Then one morning I saw a squirrel (I have no idea if this is the same squirrel. . .I’m no expert on identifying squirrels), on one of my feeders--making a huge mess. I charged out yelling--and this squirrel leaped for his life. I was in disbelief.  I watched out my window to see how this occurred. How had they out-squirreled me again? What I observed, minutes later, did amuse me. Their tenacity and agility is second to none. I saw a squirrel gather speed, run straight under the baffle (I thought he --or was it a she--would get a concussion), and then at the last second reach out one of his arms around the baffle (a really, really long reach), and with just a single claw, extend his arm far enough around to hang on the weave of my coconut bird feeder by what appeared to be a mere thread. And then in a second he was next to his favourite feeder--the wooden house--tipping it upside down.  I was in disbelief--baffled actually. The squirrel baffle was baffling me.  This trick was no accident--it was mindful intentionality exemplified.

But I was not done. I would not to be outsmarted. I had come too far. It was time for me to be intentional. My baby was going to watch birds! I moved the bird feeders around, so that the squirrels could not latch on to the weave of the coconut feeder.I put the coconut feeder on the highest hook. And it has worked--so far.  But I’m sure they’re devising a new scheme. But in the meantime, my baby and I are watching birds. I often face his highchair towards the window so he can watch . . . and then I sign bird for him, and a feeling of deep contentment washes over me. The joy of this project has been hard-earned. . .so much that I can nearly break into song: “Feed the birds, tuppence a bag. . .” (Mary Poppins)

The view from inside. . .


But this mama thinks this view is so much better!




Do you feed the birds?

Do you a have story?  A song?

How have you incorporated any of Wholly Canadian’s paradigm of goodwill into a project? Leave a comment and share!




Posted by Wholly Canadian at 4:53 AM 1 Comments

Monday, August 25, 2014

Why We Cloth Diaper

He's responsible for this! Yup, this little baby, who we affectionately call "stinker" some of the time, is responsible for the contents of this  laundry line!  But at least there's a story of goodwill here. The diapers on this line include two aspects of Wholly Canadian’s Shopping Paradigm of Goodwill: 1)Buying Local, and 2) Buying used/re-purposing

 


1. Local/Canadian:

2. Second-hand/Re-purposing:

  • I've purchased used organic prefold diapers
  • Wool inserts (I purchased a vintage wool blanket on kijiji for $5, and had it re-purposed into inserts)

But that's not where the goodwill stops. Shopping locally and buying used is great. But there's more good news on this laundry line! Wholly Canadian is all about whole-life local living. . .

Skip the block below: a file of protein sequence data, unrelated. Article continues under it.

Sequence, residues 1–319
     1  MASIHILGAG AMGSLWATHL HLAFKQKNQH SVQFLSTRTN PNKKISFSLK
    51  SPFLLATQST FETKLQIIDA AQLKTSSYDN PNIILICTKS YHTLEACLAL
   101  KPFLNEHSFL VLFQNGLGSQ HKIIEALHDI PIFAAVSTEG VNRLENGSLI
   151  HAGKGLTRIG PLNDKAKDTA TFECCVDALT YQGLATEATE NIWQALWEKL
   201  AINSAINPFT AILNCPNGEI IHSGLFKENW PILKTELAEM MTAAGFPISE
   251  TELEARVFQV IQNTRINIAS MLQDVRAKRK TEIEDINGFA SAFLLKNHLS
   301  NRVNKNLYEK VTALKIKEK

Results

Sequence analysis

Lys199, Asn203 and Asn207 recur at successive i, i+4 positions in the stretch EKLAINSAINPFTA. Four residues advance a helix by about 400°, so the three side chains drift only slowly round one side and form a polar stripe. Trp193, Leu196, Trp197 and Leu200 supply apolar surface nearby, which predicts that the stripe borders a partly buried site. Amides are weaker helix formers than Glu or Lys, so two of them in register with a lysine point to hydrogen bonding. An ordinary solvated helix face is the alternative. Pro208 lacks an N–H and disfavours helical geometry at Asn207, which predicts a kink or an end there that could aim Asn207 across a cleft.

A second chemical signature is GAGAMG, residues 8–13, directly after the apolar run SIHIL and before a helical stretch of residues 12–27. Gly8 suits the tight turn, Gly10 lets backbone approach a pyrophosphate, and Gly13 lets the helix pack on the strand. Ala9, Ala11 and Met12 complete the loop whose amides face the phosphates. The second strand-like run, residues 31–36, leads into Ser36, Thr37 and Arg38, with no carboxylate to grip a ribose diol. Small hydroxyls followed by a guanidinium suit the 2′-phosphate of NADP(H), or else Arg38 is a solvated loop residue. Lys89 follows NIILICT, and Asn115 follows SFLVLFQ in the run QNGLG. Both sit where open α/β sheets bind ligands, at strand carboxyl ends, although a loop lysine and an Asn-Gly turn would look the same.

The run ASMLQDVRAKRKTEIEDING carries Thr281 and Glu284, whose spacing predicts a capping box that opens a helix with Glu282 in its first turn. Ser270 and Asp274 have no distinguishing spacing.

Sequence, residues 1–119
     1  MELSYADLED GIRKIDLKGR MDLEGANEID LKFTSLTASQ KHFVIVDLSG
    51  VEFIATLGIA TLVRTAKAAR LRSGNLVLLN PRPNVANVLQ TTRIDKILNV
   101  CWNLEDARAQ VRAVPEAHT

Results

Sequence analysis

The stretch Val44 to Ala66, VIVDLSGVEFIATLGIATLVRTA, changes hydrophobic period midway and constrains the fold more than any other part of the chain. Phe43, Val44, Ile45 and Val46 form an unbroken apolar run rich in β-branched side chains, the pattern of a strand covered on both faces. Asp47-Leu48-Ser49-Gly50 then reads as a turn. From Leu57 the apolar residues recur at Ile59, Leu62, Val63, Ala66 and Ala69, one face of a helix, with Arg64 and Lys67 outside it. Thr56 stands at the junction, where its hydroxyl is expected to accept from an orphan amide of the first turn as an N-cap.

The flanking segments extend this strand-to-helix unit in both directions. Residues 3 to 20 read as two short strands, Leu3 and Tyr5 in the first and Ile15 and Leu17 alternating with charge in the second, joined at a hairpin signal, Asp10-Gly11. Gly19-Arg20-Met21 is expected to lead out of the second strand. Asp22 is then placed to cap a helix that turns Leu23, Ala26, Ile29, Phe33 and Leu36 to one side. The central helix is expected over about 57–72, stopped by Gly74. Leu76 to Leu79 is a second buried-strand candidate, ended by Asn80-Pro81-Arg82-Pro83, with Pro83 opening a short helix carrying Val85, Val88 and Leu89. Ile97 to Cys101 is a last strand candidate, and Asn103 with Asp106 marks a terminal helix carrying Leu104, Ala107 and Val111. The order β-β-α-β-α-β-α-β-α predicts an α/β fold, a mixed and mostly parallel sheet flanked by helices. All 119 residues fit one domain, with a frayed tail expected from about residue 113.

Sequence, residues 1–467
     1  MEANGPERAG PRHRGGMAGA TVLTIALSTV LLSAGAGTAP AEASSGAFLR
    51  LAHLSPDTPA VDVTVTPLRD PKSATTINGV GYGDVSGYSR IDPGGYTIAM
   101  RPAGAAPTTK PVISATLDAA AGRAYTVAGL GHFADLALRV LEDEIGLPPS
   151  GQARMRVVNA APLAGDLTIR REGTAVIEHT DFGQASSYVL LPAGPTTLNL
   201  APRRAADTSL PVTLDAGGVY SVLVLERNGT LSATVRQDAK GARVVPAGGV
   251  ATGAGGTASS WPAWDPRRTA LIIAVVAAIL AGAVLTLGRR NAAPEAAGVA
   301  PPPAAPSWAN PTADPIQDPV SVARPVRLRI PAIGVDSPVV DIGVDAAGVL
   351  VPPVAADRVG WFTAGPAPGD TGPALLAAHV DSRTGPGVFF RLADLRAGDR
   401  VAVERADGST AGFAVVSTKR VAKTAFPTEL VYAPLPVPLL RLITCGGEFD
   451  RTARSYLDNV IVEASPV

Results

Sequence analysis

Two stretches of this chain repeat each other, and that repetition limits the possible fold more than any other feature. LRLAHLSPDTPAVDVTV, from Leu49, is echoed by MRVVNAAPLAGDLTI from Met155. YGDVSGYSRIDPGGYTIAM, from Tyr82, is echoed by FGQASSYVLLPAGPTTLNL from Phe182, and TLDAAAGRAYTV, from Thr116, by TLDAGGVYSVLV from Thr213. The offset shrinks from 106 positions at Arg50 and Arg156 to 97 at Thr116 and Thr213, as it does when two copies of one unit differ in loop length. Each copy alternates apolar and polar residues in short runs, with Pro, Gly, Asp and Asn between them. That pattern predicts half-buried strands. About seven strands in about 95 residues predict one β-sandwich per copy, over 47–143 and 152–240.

Why we cloth diaper. . .

People choose to cloth diaper for a variety of reasons.

Here are some of mine:

  • Healthy baby’s bottom: our baby has never had diaper rash. We've chosen natural fibre diapers for our babies (cotton, hemp, bamboo, and wool).  Would you want plastic tight wrapped around your bottom? That's essentially what disposables are. It's quite unnatural, really. No wonder rashes, and other ailments develop.  Baby's bottoms needs to breathe! If there is any area that needs breathable fabric--it's their bottom! It always amazes me when parents who cloth diaper choose synthetic fabrics (fleece, mircofibre, etc).  Synthetic fibres (made of petrochemicals) are akin to wrapping plastic around the bottom. So here's to natural fibre!
  • Sustainability: As a farmer’s daughter I have a heightened appreciation of land.  I understand land is a fixed resource. One cannot reproduce more land.  Water, on the other hand, is a perpetual gift (where I live). Even though I pay for it--it's a renewable resource. Thus, it’s a simple choice.  One professor of mine once shared that there is no “away.” When you “throw away” --there is no “away.”  When we travel, we use non-bleached disposables--and each time I dispose of the soiled diaper, I am reminded of the preciousnesses of land and that there is no “away.”
  • Cost: yup, we’ve saved a ton of $. I rarely need to go down that baby aisle.  I’ve got my own baby aisle blowing in the wind. {Giggle}
  • Simplicity: I blogged earlier about the tension between convenience and simplicity. Cloth diapering is the way of the simple life. It is not convenient. It is simple.

Why I hang dry the diapers in summer:

  • It keeps the diapers white:  The sun is a natural whitener for those stains.
  • It keeps the diapers fresh: We've never had yeast in our diapers.  The sun is a natural disinfectant, and boy do the diapers ever need a freshening after a long Manitoba winter!
  • It keeps the diapers in optimal condition. Dryers make the diapers soft, but they also destroy them--slowly and gradually.  What do you think all that lint is in your dryer? Yup, that's the fabric being gradually worn down. Dryers weaken the fabric's fibres, and if there's any item in our household that needs to retain all its strength and fibres for optimal absorbency, well, it's the diapers!  That's why, in winter, we also hang-dry most of them inside.